Digital citizenship is sometimes seen as a kind of lofty difficult concept for people to get a handle on. Essentially citizenship refers to the bundle of rights people have in any space. And those rights come with responsibilities. Digital citizenship is the translation of those rights to cyberspace, so the Internet and mobile phones. Essentially what we're looking for in digital citizenship is the idea that people have to meet certain obligations in order to participate in this society but equally that society respects them and cares for them. 

Netsafe has a really useful way of talking about digital citizenship which see it as a nexus between digital literacy, cybersafety skills, and then key values and key competencies from the New Zealand Curriculum. And basically digital citizenship exists in the middle of those things. You can't have digital citizenship if you don't have the ability to use the Internet, if you don't know how to use it safely and you can't use it respectfully and honestly.

There is a lot driving interest in digital citizenship lately. It is very much a key theme and it has been raising, been increasing significantly in popularity in the last couple of years. What we see is in the cybersafety industry, which is now fifteen years old, previous ways of understanding how to promote cybersafety have really been falling by the wayside as we realise we cannot technologically manage these challenges and we cannot wish them away by filters and monitoring. Equally we are also aware that there are limits to the ability of education to remove risk. It is all very well that you may know how to keep yourself safe and be secure, but if the other users of the Internet do not share your responsibility and they harm you, this is a problem.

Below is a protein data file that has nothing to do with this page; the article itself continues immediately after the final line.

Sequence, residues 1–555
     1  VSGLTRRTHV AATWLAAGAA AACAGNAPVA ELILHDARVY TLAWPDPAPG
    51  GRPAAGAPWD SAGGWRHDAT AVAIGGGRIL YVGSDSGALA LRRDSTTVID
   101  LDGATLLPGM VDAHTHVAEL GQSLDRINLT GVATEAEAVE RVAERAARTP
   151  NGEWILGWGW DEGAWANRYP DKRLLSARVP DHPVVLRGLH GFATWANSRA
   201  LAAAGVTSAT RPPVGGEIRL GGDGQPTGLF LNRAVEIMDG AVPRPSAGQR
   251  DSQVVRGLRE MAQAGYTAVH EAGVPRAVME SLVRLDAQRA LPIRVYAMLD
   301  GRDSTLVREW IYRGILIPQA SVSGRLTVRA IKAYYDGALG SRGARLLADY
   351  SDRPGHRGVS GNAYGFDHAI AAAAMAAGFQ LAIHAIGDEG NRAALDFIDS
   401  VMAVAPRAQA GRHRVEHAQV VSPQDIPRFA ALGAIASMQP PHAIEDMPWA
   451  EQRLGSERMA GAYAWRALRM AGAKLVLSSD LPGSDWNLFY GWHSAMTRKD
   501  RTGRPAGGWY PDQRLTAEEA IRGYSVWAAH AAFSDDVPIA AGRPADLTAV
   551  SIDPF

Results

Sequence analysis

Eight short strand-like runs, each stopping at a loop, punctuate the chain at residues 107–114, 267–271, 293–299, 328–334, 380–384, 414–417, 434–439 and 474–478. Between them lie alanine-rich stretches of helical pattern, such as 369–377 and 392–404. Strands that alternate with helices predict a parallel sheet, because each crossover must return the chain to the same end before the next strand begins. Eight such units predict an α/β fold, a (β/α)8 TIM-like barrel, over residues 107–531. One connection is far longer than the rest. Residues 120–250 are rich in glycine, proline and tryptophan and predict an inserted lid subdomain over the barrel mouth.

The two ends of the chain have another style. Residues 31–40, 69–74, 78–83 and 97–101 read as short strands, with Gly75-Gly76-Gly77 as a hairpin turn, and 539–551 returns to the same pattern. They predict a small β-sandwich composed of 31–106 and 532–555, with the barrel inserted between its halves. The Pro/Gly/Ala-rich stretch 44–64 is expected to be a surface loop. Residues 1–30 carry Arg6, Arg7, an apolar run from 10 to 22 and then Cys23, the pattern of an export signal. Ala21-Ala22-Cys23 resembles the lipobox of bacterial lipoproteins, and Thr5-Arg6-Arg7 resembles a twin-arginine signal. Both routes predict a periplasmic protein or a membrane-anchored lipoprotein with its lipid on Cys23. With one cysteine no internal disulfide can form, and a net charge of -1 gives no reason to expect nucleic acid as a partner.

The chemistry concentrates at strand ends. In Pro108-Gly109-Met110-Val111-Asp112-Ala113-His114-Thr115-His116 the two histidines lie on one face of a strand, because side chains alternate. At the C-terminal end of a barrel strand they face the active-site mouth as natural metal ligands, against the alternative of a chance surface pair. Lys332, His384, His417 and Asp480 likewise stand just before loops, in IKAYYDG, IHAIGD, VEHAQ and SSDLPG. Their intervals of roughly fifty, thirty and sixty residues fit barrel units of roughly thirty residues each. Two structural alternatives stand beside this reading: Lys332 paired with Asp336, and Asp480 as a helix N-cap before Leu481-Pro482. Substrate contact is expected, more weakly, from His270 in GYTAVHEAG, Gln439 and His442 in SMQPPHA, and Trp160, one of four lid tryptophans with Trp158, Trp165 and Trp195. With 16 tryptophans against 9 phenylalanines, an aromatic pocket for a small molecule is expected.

Essentially to get around this people have started to think about digital citizenship, the ability to use the Internet safely as well as respect others when you are using this space.